You asked me how I’m doing.

To be honest, I am not sure how to answer that. There is so much I could write. Where should I begin? 2020 has been a veritable whirlwind of a year… I almost wrote a litany of recent crises to attest to this fact, but you do not need me to rehearse all the nonsense that has occurred. You already know about it. We are both caught in the same storm. 

Suffice it so say, for a start, that I am tired. Almost all the time. No matter how much rest I get, I am tired. No matter how much tea or coffee I drink, I am tired. To make matters worse, it seems that the only moments when I am not tired are the very moments when I am trying to fall asleep at night. What cruel trick is this? Perhaps you can relate. Who knew that quarantine could be so exhausting?

As you know, my own proximal situation is relatively safe. I am in a good home, with good parents, a good sister, and good pets. We are privileged enough—financially and vocationally—to avoid exposure to the virus, which means we can weather the prevailing storm in relative peace. We live in a pleasant, quiet neighborhood in which I have had the joy of many pleasant, quiet walks. And in addition to walking, I pass my days practicing guitar, drinking tea, listening to audiobooks, playing video games, lifting weights, and enjoying contemplative eye-contact with my relentlessly affectionate and slightly wheezy cat, Piper. It is not a bad existence, as existences go. Indeed, people around the world are living through the current crisis in all manner of circumstances, and I have no doubt that my own circumstances are better than many, or even most, others.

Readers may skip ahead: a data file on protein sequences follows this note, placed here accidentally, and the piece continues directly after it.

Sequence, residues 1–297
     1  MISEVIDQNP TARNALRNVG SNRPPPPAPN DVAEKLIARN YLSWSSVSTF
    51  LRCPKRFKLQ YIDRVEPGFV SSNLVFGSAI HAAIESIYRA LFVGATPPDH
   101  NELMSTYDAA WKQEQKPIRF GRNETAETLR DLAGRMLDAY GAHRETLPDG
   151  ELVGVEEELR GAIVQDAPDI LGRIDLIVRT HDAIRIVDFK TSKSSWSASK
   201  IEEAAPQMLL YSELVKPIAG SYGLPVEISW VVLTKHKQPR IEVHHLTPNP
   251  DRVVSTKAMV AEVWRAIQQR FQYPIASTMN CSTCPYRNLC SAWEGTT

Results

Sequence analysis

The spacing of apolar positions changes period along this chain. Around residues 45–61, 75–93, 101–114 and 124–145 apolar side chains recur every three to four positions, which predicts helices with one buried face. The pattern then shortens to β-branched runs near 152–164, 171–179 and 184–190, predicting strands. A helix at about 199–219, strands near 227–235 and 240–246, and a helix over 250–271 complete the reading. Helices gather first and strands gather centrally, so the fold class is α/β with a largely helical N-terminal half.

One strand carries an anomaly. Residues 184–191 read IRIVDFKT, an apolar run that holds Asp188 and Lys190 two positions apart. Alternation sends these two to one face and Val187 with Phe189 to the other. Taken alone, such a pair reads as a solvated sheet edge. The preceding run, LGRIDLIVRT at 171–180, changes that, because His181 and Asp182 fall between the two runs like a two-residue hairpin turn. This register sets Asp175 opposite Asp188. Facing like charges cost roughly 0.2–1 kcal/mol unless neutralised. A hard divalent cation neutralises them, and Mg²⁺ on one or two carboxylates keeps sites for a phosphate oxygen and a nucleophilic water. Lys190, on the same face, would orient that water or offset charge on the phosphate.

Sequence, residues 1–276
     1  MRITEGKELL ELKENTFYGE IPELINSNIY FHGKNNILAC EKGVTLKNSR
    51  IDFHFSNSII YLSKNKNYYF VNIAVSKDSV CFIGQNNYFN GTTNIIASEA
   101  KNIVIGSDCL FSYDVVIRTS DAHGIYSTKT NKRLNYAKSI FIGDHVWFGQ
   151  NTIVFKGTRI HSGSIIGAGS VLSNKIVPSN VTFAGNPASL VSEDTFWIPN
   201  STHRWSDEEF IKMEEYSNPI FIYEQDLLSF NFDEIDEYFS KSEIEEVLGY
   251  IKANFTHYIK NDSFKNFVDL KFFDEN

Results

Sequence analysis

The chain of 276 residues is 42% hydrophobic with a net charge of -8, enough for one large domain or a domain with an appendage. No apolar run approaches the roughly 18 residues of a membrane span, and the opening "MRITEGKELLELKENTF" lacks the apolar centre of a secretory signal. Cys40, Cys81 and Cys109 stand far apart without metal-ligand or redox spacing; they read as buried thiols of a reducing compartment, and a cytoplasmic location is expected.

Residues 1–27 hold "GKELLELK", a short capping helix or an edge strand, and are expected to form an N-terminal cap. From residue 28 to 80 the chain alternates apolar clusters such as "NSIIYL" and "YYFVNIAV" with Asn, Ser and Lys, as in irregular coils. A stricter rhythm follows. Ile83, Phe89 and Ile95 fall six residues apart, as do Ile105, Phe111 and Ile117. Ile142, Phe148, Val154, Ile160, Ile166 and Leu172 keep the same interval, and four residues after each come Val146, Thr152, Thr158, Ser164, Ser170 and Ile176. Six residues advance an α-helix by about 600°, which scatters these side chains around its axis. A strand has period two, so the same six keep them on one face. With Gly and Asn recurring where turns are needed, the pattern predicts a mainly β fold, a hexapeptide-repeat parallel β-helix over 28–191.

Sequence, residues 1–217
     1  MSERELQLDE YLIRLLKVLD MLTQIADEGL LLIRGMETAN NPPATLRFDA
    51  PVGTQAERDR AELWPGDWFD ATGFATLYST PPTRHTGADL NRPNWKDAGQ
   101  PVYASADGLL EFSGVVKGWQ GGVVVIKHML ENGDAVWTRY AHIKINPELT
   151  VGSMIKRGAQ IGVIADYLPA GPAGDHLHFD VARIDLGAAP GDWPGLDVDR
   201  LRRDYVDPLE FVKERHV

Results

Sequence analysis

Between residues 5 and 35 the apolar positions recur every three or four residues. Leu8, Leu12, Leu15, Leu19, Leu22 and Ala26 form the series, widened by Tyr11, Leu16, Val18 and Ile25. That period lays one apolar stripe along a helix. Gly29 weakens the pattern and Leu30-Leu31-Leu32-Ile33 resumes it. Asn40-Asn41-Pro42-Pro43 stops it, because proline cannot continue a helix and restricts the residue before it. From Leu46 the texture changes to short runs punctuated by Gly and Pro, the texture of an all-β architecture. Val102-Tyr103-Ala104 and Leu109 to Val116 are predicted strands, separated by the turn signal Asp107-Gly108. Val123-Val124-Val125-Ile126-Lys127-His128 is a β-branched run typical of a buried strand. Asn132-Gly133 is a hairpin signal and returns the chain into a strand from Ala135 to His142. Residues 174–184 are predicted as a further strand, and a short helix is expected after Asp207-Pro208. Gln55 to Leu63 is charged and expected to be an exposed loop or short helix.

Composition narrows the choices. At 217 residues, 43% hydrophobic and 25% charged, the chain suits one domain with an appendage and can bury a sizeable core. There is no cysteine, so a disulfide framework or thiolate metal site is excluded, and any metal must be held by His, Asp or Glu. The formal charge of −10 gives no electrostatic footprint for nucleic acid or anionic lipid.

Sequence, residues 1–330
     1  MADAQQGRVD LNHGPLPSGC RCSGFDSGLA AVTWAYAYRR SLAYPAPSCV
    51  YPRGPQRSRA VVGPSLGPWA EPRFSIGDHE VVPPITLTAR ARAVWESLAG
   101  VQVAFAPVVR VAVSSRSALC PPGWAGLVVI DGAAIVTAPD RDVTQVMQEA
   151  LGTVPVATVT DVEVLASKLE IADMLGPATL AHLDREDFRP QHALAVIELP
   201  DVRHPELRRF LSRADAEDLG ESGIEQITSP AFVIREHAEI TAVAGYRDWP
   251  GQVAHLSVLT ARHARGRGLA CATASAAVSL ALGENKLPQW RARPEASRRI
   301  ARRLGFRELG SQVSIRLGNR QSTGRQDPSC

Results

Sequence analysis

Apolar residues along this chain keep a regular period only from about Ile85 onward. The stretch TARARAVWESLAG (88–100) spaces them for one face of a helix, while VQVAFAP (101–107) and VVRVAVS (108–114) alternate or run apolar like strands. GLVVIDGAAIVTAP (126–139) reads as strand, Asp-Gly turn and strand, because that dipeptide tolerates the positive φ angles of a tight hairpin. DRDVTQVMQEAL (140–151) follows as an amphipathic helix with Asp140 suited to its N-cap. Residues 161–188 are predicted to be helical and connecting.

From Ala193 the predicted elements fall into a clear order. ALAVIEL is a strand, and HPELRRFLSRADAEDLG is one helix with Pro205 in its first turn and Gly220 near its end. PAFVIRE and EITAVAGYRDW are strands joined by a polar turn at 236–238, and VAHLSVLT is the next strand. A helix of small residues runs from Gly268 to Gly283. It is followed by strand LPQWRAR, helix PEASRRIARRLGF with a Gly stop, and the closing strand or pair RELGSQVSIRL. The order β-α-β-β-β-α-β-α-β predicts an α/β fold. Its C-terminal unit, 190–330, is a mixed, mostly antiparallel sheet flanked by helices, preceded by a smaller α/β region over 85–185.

Yet even I have felt so much potent, negative emotion these past four months. In March, I dealt with the shock and grief of a school year cut short, of unexpected and rushed goodbyes with graduating friends that heralded the beginning of a new age of distance. Throughout April and May, I alternated between deep depression and sheer, confounding numbness. In June, I endured some of the worst anxiety I have experienced to date: what I can only describe as a sustained, low-boil panic attack across five or six days, which destroyed both my appetite and my will to do anything more than stuff my ears with alternative rock music.